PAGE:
Some of our best friends are not bound by common interest, but instead by mutual trust and respect. It's only natural to want to get these stellar people to share your passions and deepen the relationship.
Most people refuse to hike because they are just plain intimidated. The common objections most ordinary folks have towards hiking should sound familiar. Elaborate or blunt, these excuses are heard over and over again:
- You want to leave at what time? That's too early for me.
- It's too hot/cold.
- We'll get lost.
- It's boring.
- I don't have the right shoes.
- I'll get bitten/scratched/completely devoured by a wild animal.
- I'm too busy.
- I'm out of shape.
All objections can easily be overcome with a giant dose of positivity. While you can't rush anyone into doing anything before they are ready, you can drop no-pressure suggestions over time. Their curiosity is bound to pique at some point, just as long as you haven't pursued your friend with a cultish fervor.
Plan It Out Ahead of Time
Your friend will likely want to know where you want to go, how far the hike is, how difficult it is, etc. Have a map ready to show them. Sending them links of amazing photos can be pretty convincing as well. Pick a range of times and days that you are available, rather than asking for one specific day or time. It's much easier to say yes when your friend feels like they've been given an option to choose what works best for them, yet it also takes the pressure off of them to come up with times and dates themselves.
Let's Go for a "Walk"
Walks are so much less intimidating than hikes. You can take them around the hills of your neighborhood to keep it local. While walking up any incline is technically hiking, you don't have to tell them that.
Address Legit Concerns
You may be able to tolerate more extreme weather than your friend, but it's simply because you have had enough positive experiences with hiking that you know it's worth it. He or she might be genetically more sensitive to temperature and find the heat or cold unbearable. Suggest a hike that addresses these concerns. If your friend doesn't want to get up early to go for a hike, and that is the main deterrent, go for a hike in the afternoon. You may not have the time to drive out to the most exotic places you want them to experience, but you'll get their feet wet and give them a taste of the joy you experience all the time.
Make It Less About the Hike and More About Them
Shorter and easier hikes help get people hooked. This should be a time to hang out and make some great memories. Unlike noisy bars and other places or activities that inhibit conversation, hiking is a prime opportunity to talk. In fact, you'll probably run out of banal things to say pretty quickly. If you're seeking a truly deeper connection with a friend, hiking gives you plenty of time to open up. You may be surprised at where the conversation goes.
Stress the Exercise Benefits
Many people want to get into better shape, but the gym is either too intimidating, or simply not entertaining enough. Livestrong.com says that a 160-pound person can burn up to 440 calories in one hour while hiking, while a 200-pound person can burn even more. According to Active.com, an average person burns about 100 calories per mile running a 12-minute mile for one hour (that's 500 calories). Roughly, this means that you will burn the same amount of calories running that you would for hiking. It's much easier to get bored while running than while hiking, especially if you're new at it. It can be said that running only requires that you put one foot mindlessly in front of the other (although avid runners would strongly disagree). In contrast, you have to think about where you should put your foot next while hiking, especially when there are large rocks complicating the incline. Hiking requires a bit more active thinking to accomplish, and therefore makes it a bit more interesting.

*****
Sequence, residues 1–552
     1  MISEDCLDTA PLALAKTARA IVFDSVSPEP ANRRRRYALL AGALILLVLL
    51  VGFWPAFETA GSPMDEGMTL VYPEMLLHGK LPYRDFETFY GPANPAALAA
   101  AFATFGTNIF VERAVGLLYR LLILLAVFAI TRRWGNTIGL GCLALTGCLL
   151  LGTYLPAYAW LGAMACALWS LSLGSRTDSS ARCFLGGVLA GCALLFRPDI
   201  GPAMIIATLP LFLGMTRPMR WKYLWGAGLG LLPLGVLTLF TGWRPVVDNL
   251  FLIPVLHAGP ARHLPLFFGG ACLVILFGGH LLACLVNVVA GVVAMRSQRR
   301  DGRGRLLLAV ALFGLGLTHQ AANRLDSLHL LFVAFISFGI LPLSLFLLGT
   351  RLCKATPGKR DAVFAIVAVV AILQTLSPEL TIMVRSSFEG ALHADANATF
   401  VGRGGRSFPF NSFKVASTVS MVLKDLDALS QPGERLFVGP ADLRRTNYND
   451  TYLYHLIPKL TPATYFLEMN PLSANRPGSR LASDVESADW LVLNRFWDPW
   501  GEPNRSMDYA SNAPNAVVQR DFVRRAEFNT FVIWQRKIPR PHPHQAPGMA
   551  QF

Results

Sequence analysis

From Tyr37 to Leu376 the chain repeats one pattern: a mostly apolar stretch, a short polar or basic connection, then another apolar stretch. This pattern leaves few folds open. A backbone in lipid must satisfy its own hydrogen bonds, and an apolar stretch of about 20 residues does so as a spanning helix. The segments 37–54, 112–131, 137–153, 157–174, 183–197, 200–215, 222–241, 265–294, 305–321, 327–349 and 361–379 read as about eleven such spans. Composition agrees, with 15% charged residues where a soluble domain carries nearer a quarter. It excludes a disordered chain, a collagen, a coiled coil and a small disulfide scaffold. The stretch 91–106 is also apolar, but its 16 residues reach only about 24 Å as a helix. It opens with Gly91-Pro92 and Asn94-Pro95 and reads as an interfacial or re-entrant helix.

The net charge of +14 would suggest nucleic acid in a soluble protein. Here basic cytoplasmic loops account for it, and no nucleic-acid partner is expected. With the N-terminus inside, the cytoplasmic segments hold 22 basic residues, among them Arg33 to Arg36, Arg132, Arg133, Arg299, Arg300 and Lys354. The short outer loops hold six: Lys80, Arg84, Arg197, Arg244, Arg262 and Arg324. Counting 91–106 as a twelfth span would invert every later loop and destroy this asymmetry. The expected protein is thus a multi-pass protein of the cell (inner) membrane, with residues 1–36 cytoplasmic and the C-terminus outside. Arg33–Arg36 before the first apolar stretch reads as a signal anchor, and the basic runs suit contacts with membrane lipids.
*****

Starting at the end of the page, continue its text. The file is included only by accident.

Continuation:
Reward with Food
Who can say no to a good meal? In return for being a good sport and trying out a hike with you, offer to buy your friend lunch or dinner at their favorite place to eat. Another great place to plan for an after-hike feast is a hole-in-the-wall joint near the hiking location. It's fun to experience the local flavor. In addition, don't forget to pack the snacks! No one likes to be stuck in the middle of nowhere with an empty stomach.
Join a Social Media Group
Meetup.com is an obvious choice for finding an enthusiastic group of people to hike with. Some are even geared towards beginners, which is an added bonus for your friend. Other ways to integrate social media into your persuasion is to find a hashtag challenge on Instagram or Pinterest, such as the #52HikeChallenge. It encourages you and your friends to hike somewhere new and share your photos and experiences with others all over the world who are doing the same.
Science the Hell Out of It
Hiking is a hundred times more interesting when you can identify the geology of the sediment or the species of plants you see. It opens up a whole new world which you may not have previously been aware of. Some areas have cultural or historical significance as well. If your friend is knowledge-hungry and bookish, this may be the spark they need to get up and go with you.
The most important thing to remember when trying to get your friend to hike with you is to not be pushy. It doesn't work in sales, and it doesn't work in the case of hiking either. You want to get your friend excited about it and not push them away. Keep the interactions positive and avoid any kind of begging, harassment, emotional manipulation, kidnapping, or blackmail. But of course, bribery, especially when involving food, is never off the table.